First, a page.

GAZA CITY, Gaza Strip -- Backed by tank fire and airstrikes, Israeli forces pushed deep into southern Gaza on Friday, searching for an Israeli army officer believed to be captured by Hamas fighters during deadly clashes that shattered an internationally brokered cease-fire.
The apparent capture of the soldier and the collapse of the truce set the stage for a possible expansion of Israel's 25-day-old military operation against Hamas.
President Barack Obama and U.N. chief Ban Ki-moon called for the immediate release of the soldier but also appealed for restraint. In Israel, senior Cabinet ministers convened late Friday in a rare emergency meeting after the start of the Jewish Sabbath.
The search for the missing soldier centered on the outskirts of the town of Rafah, on the Egypt-Gaza border.
At least 140 Palestinians were killed Friday in Gaza, with at least 70 killed in the Rafah area along with two Israeli soldiers.
Earlier Friday, Israel and Hamas accused each other of breaking the truce, which had been announced by the U.S. and the U.N., and took effect at 8 a.m.
The breakdown meant there would be no reprieve for the 1.7 million residents of Gaza, where large parts have been devastated by airstrikes and shelling, and at least 1,600 people - mostly civilians - have been killed and more than 8,000 wounded. Israel has lost 63 soldiers and three civilians.
The fighting in the Rafah area continued into the night, with residents reporting airstrikes along the Egypt-Gaza frontier as well as heavy tank and artillery shelling. The Israeli military said it was searching for the missing soldier and had sent automated calls or text messages to Rafah residents to stay indoors.
"We are under fire, every minute or so tanks fire shells at us," said Rafah resident Ayman Al-Arja. "I have been thinking of leaving since 2 p.m., but tank fire can reach anywhere, and I was scared they will hit my pickup truck. Now we are sitting in the stairwell, 11 members of my family, my brother, his nine children and wife. We just have water to drink and the radio to hear the news."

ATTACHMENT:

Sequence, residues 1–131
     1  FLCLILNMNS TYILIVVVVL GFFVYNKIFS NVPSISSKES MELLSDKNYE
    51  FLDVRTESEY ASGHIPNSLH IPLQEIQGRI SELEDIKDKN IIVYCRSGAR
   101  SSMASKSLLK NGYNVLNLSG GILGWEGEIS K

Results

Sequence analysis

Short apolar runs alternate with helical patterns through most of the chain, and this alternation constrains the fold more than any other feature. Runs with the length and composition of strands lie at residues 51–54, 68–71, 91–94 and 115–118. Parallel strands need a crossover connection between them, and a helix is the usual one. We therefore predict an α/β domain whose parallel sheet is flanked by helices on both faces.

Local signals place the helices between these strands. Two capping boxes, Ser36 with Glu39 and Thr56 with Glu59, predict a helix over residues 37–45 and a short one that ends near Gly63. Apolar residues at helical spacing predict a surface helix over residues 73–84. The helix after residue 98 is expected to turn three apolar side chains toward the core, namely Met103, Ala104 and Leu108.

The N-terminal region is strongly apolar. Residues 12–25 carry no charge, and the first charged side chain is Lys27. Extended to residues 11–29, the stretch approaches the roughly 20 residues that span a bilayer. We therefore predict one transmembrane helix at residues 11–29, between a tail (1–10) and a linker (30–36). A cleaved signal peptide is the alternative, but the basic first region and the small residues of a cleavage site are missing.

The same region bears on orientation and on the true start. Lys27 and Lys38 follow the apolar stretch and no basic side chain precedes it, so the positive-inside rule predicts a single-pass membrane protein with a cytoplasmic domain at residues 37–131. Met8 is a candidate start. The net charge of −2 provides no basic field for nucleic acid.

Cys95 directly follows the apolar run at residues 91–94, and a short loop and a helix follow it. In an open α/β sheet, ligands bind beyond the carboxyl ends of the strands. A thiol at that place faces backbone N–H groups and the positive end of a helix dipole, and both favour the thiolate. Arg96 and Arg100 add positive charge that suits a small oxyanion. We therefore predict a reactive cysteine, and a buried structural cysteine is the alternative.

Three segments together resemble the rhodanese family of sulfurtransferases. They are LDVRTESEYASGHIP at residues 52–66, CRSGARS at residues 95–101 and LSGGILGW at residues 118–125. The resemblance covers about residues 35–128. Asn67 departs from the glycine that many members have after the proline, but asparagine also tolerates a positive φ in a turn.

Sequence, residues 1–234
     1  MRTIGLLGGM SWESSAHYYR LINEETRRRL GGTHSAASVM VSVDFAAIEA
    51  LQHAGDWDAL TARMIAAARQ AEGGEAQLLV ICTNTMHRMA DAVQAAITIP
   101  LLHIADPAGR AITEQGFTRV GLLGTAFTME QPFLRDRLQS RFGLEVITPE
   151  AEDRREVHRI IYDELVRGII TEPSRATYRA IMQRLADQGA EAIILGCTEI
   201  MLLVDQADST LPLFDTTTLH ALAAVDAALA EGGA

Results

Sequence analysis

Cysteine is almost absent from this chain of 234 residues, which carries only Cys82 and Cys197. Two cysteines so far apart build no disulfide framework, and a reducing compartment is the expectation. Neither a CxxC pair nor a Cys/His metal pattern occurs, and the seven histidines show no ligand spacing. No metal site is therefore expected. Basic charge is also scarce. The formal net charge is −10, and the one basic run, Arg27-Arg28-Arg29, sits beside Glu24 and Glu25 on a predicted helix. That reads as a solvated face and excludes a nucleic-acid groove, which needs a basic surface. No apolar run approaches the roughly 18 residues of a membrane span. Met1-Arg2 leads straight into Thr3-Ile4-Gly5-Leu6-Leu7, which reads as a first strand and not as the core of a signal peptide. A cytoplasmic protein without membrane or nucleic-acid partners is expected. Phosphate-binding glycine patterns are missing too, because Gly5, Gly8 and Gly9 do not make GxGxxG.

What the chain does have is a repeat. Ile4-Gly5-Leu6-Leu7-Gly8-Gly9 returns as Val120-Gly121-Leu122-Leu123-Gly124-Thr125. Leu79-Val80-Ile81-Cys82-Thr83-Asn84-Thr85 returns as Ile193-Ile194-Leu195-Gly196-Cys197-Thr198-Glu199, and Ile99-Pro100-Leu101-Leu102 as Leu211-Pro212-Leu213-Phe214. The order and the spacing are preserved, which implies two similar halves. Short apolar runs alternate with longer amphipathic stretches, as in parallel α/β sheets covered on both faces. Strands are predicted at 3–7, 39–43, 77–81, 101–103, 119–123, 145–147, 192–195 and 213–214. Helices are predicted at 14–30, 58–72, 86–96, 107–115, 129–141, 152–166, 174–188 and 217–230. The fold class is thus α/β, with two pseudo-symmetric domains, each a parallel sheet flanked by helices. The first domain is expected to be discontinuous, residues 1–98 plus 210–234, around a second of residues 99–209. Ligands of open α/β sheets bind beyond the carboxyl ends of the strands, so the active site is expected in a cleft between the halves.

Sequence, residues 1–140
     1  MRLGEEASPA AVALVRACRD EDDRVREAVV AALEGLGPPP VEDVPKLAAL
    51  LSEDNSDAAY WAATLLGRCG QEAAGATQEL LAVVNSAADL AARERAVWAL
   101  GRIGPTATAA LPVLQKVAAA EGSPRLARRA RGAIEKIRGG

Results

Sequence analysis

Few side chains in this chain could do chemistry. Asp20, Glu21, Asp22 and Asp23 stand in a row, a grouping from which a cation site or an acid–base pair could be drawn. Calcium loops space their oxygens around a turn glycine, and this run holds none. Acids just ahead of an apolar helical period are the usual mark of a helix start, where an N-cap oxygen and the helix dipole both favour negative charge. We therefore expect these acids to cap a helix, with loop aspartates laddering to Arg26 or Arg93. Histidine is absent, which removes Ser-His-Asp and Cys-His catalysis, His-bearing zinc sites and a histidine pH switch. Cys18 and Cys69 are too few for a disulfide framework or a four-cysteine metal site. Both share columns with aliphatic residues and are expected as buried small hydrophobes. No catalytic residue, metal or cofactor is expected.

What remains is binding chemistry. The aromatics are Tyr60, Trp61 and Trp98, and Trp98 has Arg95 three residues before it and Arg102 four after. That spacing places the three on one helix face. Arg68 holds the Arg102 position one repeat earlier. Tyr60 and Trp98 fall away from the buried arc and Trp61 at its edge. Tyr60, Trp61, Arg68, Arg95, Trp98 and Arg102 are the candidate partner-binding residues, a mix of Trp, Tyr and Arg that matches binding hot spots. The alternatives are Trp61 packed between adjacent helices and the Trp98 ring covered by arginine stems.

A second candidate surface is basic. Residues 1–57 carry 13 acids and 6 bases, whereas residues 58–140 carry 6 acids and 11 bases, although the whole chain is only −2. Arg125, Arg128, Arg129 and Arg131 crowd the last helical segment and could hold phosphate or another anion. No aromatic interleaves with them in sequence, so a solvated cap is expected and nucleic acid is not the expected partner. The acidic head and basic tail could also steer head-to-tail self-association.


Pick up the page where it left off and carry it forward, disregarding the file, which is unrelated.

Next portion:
The 45-year-old Al-Arja added: "We are just staying put waiting for God's mercy."
The heavy shelling in Rafah was part of operational and intelligence activity to locate the missing officer, 2nd Lt. Hadar Goldin, the Israeli military said.
An hour after the cease-fire began, gunmen emerged from one or more Gaza tunnels and opened fire at Israeli soldiers, with at least one of the militants detonating an explosives vest, said Israeli army spokesman Lt. Col. Peter Lerner.
Goldin, a 23-year-old from the central Israeli town of Kfar Saba, was apparently captured in the ensuing mayhem, while another two Israeli soldiers were killed.
"We suspect that he has been kidnapped," Lerner said.
Obama called for Goldin's unconditional and immediate release and said it would be difficult to put the cease-fire back together. However, he said the U.S. will continue working toward a cease-fire.
He said Israel committed to the truce, but at the same time called the situation in Gaza "heartbreaking" and repeated calls for Israel to do more to prevent Palestinian civilian casualties.
"Innocent civilians caught in the crossfire have to weigh on our conscience, and we have to do more," Obama said. He added that Israel must be able to defend itself, but that irresponsible actions by Hamas have put civilians in danger.
Israel has gone to great lengths in the past to get back its captured soldiers. In 2011, it traded hundreds of Palestinian prisoners for an Israeli soldier who had been captured by Hamas-allied militants in 2006. The capture of two soldiers in a cross-border operation by Lebanon's Hezbollah guerrillas in 2006 sparked a 34-day war between the Iranian-backed Shiite group and Israel.
A Hamas spokesman, Fawzi Barhoum, would neither confirm nor deny the capture, saying the event was being used - along with the killing of two Israeli soldiers in the Rafah area - as a cover for what he called a "massacre" in Rafah.
The violence killed at least 70 Palestinians and wounded 440 in the Rafah area, according to Gaza Health Ministry official Ashraf al-Kidra. The dead included paramedic Assef al-Zamily, killed when an Israeli tank shell hit an ambulance in which he was riding, al-Kidra said.
Another 70 Palestinians were killed elsewhere in Gaza on Friday, according to al-Kidra.
Ban blamed Hamas for violating the cease-fire and demanded the immediate and unconditional release of Goldin.
The U.N. chief also urged both sides "to show maximum restraint and return to the agreed 72-hour humanitarian cease-fire that tragically lasted such a brief period of time," U.N. spokesman Stephane Dujarric said.